Video: Keeping kids safe

msnbc.com
updated 5/25/2005 3:53:44 PM ET 2005-05-25T19:53:44
INTERVIEW TRANSCRIPT

With Wednesday declared national missing children's day, MSNBC's Randy Meier welcomed Ernie Allen from the National Center for Missing and Exploited Children to MSNBC Live. The two discussed tips for keeping children safe online.

An excerpt:

Meier: Reports show that at least 20% of children receive at least some type of sexual solicitation or view some sort of pictures on the Internet.  How do those online sexual predators find out that it's the child using the Internet?

Allen: Unfortunately, it is not very difficult; children put descriptive information in their online profiles.  The predators go to where the child is. It is easy to find them and so it's really important that we empower our children and teach them how to use the Internet safely and responsibly.

Meier:  Tell us about this program that you along in conjunction with the Boys and Girls Clubs of America have now put into play for parents and children.

Allen:  We have launched an effort called Net Smartz, with a 'z.' Boys and Girls Club was implementing text editors in all of their clubs and wanted to make sure their kids were safe when they went online.  So using animation and interactive games, we created this resource, which rolled out into all 3,700 Boys and Girls Clubs across the country by the Internet.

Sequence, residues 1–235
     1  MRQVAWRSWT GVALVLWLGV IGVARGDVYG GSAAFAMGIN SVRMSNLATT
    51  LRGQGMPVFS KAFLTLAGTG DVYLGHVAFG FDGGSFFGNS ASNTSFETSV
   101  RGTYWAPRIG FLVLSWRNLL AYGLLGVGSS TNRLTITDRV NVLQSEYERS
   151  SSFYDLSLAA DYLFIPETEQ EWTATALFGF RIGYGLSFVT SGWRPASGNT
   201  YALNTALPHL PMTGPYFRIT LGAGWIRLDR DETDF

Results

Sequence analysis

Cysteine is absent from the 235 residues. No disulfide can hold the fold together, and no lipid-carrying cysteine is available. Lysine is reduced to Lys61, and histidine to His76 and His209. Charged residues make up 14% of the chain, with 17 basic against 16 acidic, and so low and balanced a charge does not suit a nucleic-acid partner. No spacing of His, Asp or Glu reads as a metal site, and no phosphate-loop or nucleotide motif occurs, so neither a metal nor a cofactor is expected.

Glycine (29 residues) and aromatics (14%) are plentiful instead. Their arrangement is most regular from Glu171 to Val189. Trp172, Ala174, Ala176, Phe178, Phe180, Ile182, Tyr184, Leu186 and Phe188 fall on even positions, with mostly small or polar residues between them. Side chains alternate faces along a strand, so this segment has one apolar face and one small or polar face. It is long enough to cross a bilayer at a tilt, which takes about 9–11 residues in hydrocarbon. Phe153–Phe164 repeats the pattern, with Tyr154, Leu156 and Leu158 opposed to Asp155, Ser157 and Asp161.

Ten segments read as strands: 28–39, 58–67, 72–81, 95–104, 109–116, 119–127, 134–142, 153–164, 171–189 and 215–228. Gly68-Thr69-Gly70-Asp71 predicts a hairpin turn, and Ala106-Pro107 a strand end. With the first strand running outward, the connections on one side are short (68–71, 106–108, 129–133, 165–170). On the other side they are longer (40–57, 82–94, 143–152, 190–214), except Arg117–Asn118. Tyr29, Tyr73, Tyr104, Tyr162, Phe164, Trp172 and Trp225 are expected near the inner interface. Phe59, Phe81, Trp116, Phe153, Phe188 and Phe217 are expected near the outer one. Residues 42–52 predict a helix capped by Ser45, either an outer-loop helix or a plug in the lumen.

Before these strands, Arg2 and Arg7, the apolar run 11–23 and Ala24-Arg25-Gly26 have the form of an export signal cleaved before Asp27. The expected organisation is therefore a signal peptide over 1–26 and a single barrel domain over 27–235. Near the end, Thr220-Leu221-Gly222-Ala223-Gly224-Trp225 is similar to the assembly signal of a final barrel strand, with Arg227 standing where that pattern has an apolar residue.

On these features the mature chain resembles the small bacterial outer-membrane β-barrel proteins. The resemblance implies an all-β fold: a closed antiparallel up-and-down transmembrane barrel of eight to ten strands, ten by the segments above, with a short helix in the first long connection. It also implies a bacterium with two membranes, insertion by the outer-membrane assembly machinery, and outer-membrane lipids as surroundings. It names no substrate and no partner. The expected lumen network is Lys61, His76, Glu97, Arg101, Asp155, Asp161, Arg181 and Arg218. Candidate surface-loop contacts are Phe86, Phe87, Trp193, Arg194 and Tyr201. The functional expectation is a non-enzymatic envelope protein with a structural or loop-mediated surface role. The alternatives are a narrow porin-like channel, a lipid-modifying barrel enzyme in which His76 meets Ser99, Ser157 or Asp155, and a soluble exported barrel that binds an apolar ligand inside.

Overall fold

Meier:  The website provides some safety tips to keep parents and children aware of what's out there and some very simple ones that we, as parents, should be taking advantage of, if we're not already.  Put the computer in an open area where you can view as well as anyone else what the children might be doing.  Set up computer rules for your children and use a filter.  But, I got to tell you, the biggest challenge is keeping children safe and if that is the case, I know with my own children it's tough.  They don't always come to you when they see something that's embarrassing or disturbing on the Internet.  How do you overcome that aspect of it?

Allen:  Communication, there is no question about it.  Kids are often afraid that if they tell you about the encounter online, you'll pull the plug.  You'll take it away from them.  So we as parents, need to set rules, we need to be involved in our kids lives.  We live in a time in which kids know much more about how to use the Internet than we do so you need to talk to you kids, get them to show you how to log on, know what their passwords are and set limits for how they use it so if they do encounter these situations you can talk about it and recognize the risks.

Meier:  Ernie, what do you do if something happens and clearly your child is being solicited in some form.  Do you call the police right away?  Do you keep this person online?  What do you do?

Allen:  You call the police and then you contact us at the National Center at Cybertipline.com.  We are the 911 for the Internet as mandated by Congress.  We're taking leads from the Public everyday and we're handled more than 300,000 leads since 1998.  So Law Enforcement is better prepared and kids are safer today. 

© 2013 msnbc.com Reprints

Discuss:

Discussion comments

,